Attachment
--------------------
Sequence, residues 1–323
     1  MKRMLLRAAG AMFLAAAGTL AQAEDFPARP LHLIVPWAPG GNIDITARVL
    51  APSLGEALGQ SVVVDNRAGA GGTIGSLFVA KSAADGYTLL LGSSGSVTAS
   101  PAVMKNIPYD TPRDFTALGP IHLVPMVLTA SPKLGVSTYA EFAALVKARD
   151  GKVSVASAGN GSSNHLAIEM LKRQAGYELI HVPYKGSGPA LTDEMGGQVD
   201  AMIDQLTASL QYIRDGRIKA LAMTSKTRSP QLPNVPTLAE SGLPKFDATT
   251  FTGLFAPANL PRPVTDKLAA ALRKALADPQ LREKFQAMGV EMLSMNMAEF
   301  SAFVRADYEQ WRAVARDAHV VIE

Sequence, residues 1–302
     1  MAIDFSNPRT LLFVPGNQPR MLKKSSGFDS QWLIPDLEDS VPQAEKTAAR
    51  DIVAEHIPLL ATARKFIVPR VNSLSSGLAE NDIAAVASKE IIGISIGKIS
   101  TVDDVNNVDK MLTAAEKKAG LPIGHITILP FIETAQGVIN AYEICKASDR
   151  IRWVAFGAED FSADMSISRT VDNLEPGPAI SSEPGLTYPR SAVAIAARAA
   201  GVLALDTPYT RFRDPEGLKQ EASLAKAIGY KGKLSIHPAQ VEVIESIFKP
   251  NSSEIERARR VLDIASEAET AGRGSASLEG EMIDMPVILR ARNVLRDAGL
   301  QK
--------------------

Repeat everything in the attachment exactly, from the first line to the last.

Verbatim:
Sequence, residues 1–323
     1  MKRMLLRAAG AMFLAAAGTL AQAEDFPARP LHLIVPWAPG GNIDITARVL
    51  APSLGEALGQ SVVVDNRAGA GGTIGSLFVA KSAADGYTLL LGSSGSVTAS
   101  PAVMKNIPYD TPRDFTALGP IHLVPMVLTA SPKLGVSTYA EFAALVKARD
   151  GKVSVASAGN GSSNHLAIEM LKRQAGYELI HVPYKGSGPA LTDEMGGQVD
   201  AMIDQLTASL QYIRDGRIKA LAMTSKTRSP QLPNVPTLAE SGLPKFDATT
   251  FTGLFAPANL PRPVTDKLAA ALRKALADPQ LREKFQAMGV EMLSMNMAEF
   301  SAFVRADYEQ WRAVARDAHV VIE

Sequence, residues 1–302
     1  MAIDFSNPRT LLFVPGNQPR MLKKSSGFDS QWLIPDLEDS VPQAEKTAAR
    51  DIVAEHIPLL ATARKFIVPR VNSLSSGLAE NDIAAVASKE IIGISIGKIS
   101  TVDDVNNVDK MLTAAEKKAG LPIGHITILP FIETAQGVIN AYEICKASDR
   151  IRWVAFGAED FSADMSISRT VDNLEPGPAI SSEPGLTYPR SAVAIAARAA
   201  GVLALDTPYT RFRDPEGLKQ EASLAKAIGY KGKLSIHPAQ VEVIESIFKP
   251  NSSEIERARR VLDIASEAET AGRGSASLEG EMIDMPVILR ARNVLRDAGL
   301  QK